• Less than half (47 percent) of survey participants understood that vitamin D and calcium often are paired together for their known health benefits.

Multivitamins and Heart Health

  • Although 49 percent of Americans are very or somewhat cholesterol concerned, it appears that less than a quarter (24 percent) would take a multivitamin to help lower LDL cholesterol.
  • Americans are unfamiliar with the benefits of phytosterols, a natural ingredient derived from soybeans that can be found in a multivitamin:
    • Only 20 percent understand that phytosterols can help lower LDL cholesterol.

About the Survey
Ipsos, a leading global survey-based market research company, conducted this survey based on 1,009 online interviews with adults 25 to 65 years of age from across the United States. The survey participants were randomly selected from Ipsos' I-Say panel of more than 500,000 Internet-enabled American households. Interviews were conducted between October 30 and November 5, 2007. The final data are statistically weighted to reflect the regional population distribution of the United States.

The survey assessed general knowledge regarding vitamins and nutrients, as well as specific knowledge of how multivitamins can help maintain overall health and reduce certain disease risks, such as heart disease.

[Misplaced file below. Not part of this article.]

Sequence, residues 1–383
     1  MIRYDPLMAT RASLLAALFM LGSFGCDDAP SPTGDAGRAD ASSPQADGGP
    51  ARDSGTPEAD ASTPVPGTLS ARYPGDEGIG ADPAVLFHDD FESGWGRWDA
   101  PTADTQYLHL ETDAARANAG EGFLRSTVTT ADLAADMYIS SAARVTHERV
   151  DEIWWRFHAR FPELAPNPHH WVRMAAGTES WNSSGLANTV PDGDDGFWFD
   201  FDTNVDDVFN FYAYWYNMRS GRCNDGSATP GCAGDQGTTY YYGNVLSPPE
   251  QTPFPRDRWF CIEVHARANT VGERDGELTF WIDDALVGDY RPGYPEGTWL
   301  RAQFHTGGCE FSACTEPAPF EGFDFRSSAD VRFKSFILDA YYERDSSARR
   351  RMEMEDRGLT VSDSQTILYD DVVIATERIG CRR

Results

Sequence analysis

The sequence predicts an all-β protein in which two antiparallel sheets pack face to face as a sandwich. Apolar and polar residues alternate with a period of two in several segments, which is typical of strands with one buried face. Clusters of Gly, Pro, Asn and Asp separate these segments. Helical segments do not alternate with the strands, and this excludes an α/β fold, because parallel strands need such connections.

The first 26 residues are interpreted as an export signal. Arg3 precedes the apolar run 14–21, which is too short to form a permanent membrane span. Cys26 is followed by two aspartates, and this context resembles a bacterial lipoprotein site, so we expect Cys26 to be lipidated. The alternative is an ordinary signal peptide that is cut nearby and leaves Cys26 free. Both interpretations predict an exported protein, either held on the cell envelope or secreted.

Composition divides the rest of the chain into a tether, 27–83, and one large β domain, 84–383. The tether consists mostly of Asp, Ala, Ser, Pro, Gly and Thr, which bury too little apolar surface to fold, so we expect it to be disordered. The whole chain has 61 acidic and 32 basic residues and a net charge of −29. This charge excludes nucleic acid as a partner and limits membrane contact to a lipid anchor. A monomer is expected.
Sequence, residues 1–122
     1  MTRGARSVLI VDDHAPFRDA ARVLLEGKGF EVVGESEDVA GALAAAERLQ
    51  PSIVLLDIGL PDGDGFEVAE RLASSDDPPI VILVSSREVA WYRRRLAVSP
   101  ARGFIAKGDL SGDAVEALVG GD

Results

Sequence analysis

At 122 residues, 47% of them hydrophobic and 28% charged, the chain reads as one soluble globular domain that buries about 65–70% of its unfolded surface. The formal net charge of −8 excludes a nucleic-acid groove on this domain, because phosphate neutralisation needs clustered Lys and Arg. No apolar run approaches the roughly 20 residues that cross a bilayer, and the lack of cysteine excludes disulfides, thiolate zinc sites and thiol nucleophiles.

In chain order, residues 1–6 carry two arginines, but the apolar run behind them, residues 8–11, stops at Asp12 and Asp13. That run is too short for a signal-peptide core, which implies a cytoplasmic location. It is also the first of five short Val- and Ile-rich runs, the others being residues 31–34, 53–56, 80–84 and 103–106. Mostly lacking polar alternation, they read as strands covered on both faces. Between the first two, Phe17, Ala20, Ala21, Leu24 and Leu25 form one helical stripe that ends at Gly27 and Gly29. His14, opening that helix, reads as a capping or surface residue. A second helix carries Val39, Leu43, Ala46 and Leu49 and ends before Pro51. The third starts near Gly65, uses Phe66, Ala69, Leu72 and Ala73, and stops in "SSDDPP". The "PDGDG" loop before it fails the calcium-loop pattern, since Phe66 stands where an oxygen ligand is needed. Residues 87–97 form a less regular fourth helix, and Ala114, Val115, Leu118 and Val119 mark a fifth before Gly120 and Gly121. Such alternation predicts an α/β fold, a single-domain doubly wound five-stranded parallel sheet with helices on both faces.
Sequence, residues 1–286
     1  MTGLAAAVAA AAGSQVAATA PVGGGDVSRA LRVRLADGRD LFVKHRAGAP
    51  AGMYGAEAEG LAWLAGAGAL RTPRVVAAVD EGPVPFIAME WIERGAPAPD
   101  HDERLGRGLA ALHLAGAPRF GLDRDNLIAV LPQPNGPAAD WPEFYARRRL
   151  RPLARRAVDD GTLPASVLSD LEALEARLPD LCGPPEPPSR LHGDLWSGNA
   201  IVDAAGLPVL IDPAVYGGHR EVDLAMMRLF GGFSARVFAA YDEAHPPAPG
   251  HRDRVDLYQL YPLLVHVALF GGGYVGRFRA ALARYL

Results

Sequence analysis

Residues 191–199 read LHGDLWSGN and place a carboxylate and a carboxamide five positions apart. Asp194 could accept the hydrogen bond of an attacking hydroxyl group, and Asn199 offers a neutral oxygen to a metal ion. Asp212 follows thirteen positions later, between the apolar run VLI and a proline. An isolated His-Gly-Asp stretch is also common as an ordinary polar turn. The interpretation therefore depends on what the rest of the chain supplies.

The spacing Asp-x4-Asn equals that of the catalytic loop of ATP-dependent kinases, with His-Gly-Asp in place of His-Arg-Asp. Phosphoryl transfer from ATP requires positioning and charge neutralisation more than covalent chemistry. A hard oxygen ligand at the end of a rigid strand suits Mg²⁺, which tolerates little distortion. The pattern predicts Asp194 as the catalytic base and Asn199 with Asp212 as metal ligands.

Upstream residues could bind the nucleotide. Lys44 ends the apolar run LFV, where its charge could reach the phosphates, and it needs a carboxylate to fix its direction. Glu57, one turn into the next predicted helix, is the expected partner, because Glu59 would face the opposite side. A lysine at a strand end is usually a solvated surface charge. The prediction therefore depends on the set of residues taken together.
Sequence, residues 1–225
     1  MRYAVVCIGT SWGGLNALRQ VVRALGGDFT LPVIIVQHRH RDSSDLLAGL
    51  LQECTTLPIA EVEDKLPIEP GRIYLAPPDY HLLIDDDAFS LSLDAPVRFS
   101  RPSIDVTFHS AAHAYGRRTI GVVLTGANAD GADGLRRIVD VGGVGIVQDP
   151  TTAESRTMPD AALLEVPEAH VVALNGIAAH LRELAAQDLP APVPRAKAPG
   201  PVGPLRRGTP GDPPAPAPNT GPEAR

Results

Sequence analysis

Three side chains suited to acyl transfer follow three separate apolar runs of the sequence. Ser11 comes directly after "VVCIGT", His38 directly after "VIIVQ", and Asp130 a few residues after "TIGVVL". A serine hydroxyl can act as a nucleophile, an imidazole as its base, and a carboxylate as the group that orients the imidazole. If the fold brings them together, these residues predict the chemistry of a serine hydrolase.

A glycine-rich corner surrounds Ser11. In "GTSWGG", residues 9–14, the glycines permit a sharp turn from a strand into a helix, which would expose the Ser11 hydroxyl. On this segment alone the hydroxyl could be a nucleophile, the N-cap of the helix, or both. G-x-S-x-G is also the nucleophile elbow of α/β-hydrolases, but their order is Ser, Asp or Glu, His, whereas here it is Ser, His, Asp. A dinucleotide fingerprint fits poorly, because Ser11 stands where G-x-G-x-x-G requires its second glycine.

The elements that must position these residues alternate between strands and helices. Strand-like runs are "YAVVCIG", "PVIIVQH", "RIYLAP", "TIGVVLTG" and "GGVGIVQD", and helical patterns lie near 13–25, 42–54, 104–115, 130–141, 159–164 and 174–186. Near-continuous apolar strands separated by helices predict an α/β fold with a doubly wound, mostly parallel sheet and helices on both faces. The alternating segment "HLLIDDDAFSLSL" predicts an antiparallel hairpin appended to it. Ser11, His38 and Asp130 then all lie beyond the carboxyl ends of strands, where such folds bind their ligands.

With a sample of 1,009, one can say with 95 percent certainty that the overall results are within ± 3.1 percentage points of what they would have been had the entire population of the United States been surveyed.

About The National Women's Health Resource Center (NWHRC)
The not-for-profit National Women's Health Resource Center is the leading independent health information source for women. NWHRC develops and distributes up-to-date and objective women's health information based on the latest advances in medical research and practice. NWHRC believes all women should have access to the most trusted and reliable health information. Information empowers women to make the best decisions to maintain and improve their health and the health of their families.

This survey was made possible with financial support from Wyeth Consumer Healthcare, the makers of the Centrum® family of products. To access more information about the survey and multivitamins, please visit fmxhosting.com/drupal635.

Contacts

Amber McCracken
Director of Communications
National Women's Heath Resource Center
1-888-406-9472
Deirdre Middleton
Ketchum Public Relations
(202) 835-8829